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February 2015

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Editorial

Euro MMFs under further pressure

With the prospect of transformative regulation still hanging over the sector, Europe’s money market funds (MMFs) continue to operate against a backdrop of uncertainty. Recent moves by the European Central Bank (ECB) and Swiss National Bank (SNB) are only making matters more complex – for those in the industry, and for corporate treasurers who invest in the funds.

According to a research note released by ratings agency Fitch at the end of January, the yields on Swiss franc-denominated MMFs could turn negative over the coming weeks following the SNB’s decision to cut (already negative) benchmark rates further, as well as ditching the currency’s cap against the euro. Fitch, and its rival Moody’s, also agree that the ECB’s large-scale bond buying programme will likely keep yields on prime euro-denominated MMFs extremely low for a prolonged period, hastening the advent of negative yields for this type of fund. Investors in euro-denominated government MMFs have been experiencing negative yields since the end of 2014.

“The persistent low interest rate environment in the Eurozone, exacerbated by the ECB’s decision to cut its deposit rate to -0.2% in September 2014, has already significantly eroded returns for euro-denominated MMFs. As of 23rd January 2015, the average yield for euro prime constant net asset value MMFs was one basis point, and this is despite the fact that managers are already waiving most or all of their management fees,” said Vanessa Robert, Senior Credit Officer at Moody’s, in a recent report.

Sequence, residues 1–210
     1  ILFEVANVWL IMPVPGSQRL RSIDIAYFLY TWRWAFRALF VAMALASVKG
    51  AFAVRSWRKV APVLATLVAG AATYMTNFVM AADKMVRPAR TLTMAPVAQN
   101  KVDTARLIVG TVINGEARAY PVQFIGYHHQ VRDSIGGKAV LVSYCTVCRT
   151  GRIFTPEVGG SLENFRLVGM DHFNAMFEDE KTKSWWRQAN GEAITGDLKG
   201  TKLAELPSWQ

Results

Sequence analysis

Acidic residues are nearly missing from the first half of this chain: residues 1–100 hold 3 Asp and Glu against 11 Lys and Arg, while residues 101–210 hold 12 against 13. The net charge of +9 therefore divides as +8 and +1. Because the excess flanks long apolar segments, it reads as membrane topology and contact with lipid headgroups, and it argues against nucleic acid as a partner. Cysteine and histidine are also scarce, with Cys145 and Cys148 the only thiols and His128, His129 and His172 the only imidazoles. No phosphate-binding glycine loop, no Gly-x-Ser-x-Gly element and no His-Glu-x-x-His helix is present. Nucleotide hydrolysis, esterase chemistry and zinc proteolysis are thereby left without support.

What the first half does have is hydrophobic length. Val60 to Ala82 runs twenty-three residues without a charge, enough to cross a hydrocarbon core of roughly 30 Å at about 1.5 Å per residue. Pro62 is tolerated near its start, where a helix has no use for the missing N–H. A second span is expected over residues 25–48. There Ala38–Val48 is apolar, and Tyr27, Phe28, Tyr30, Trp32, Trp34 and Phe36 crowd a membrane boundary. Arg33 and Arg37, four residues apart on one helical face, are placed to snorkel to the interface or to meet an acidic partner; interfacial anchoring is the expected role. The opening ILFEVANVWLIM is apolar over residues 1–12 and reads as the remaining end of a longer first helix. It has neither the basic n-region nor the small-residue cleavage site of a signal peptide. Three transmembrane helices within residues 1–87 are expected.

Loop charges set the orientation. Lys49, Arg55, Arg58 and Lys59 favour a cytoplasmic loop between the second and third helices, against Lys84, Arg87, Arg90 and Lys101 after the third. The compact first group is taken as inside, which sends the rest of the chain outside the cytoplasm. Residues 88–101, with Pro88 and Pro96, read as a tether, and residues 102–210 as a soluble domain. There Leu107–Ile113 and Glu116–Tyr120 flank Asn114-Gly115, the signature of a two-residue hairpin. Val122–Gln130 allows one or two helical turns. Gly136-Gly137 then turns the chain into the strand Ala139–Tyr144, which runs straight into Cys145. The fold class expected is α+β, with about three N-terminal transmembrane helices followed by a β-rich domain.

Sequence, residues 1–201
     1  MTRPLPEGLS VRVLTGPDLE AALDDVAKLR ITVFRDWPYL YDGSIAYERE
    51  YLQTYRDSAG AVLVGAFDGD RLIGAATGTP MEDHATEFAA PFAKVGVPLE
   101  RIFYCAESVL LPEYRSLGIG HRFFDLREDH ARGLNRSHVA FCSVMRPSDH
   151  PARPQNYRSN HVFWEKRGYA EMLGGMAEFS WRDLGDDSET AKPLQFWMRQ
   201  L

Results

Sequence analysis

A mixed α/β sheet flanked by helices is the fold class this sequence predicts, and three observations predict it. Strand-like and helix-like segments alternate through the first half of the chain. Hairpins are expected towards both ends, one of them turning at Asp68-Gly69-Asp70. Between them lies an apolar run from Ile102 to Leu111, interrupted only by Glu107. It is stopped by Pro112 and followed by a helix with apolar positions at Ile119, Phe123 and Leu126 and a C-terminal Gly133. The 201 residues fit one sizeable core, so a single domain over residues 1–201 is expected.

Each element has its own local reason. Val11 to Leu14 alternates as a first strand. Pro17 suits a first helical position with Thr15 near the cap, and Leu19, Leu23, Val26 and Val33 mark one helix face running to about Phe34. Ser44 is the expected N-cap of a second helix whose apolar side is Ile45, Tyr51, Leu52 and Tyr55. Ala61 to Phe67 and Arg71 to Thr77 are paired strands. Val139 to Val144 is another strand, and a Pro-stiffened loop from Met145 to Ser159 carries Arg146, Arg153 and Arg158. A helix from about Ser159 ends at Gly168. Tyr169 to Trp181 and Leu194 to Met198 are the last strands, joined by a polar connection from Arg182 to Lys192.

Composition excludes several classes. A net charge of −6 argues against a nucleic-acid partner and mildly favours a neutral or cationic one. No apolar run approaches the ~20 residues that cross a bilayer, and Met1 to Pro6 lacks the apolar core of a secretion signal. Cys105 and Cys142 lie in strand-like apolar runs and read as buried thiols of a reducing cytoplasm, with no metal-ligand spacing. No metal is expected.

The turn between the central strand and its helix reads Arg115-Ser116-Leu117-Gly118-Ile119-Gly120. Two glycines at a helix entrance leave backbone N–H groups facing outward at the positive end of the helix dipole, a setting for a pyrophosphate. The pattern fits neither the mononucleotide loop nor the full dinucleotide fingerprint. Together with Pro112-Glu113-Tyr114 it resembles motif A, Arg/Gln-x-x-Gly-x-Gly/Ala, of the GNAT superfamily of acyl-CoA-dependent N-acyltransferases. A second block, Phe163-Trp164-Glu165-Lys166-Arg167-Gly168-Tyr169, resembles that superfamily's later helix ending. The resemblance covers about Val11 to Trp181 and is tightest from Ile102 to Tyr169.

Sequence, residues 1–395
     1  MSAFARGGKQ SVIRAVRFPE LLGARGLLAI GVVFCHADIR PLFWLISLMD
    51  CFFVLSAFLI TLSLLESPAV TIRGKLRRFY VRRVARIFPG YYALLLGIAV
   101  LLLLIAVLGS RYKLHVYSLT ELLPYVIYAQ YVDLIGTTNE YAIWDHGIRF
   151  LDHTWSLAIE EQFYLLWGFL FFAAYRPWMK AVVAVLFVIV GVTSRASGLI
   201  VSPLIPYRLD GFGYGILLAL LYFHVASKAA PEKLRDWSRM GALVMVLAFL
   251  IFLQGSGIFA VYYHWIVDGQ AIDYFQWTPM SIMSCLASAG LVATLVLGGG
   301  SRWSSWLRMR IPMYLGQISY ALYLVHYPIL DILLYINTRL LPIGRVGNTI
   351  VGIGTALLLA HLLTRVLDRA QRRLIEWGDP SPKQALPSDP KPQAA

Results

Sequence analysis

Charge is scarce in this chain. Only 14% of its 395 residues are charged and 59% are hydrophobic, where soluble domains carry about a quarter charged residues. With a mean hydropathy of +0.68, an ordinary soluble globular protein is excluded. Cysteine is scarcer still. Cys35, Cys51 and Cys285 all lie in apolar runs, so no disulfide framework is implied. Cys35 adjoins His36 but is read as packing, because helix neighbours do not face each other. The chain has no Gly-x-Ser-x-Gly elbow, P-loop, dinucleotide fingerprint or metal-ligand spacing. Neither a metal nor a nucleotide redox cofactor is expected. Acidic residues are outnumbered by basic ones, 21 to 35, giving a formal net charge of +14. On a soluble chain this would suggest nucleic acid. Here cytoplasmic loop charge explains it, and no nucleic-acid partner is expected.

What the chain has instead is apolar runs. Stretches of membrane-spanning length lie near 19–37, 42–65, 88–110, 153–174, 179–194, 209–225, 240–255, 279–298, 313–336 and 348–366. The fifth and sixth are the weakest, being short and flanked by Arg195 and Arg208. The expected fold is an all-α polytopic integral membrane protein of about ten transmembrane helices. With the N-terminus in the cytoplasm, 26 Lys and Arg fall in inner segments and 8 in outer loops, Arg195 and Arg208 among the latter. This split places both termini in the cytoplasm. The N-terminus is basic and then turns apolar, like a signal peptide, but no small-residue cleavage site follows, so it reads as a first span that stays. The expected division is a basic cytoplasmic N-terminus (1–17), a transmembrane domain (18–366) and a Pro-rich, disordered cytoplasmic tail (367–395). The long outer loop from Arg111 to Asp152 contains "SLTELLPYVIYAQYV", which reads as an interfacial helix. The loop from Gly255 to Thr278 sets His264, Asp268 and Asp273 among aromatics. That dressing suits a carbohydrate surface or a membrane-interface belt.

Of course, negative yields may lead to outflows from MMFs as investors reassess their holdings. But the scale of the impact is uncertain as low-risk alternatives are also likely to offer negative yields, explains Fitch. This puts everyone in a difficult place. The fund managers must weigh up the best mechanisms to maintain a stable unit value, without significantly increasing credit risk or portfolio maturity. Meanwhile, treasurers must decide what to do with the money they have already invested in MMFs, when the options elsewhere are few and far between.

Treasury Today will continue to keep you updated on moves in the MMF space over the coming months – whether it be around the recently discussed bank-style regulation, or alternatives such as separately managed accounts. Make sure you get all the latest news by signing up to Treasury Insights – our weekly delivery of independent analysis on treasury trends, straight to your inbox: treasurytoday.com/treasury-insights.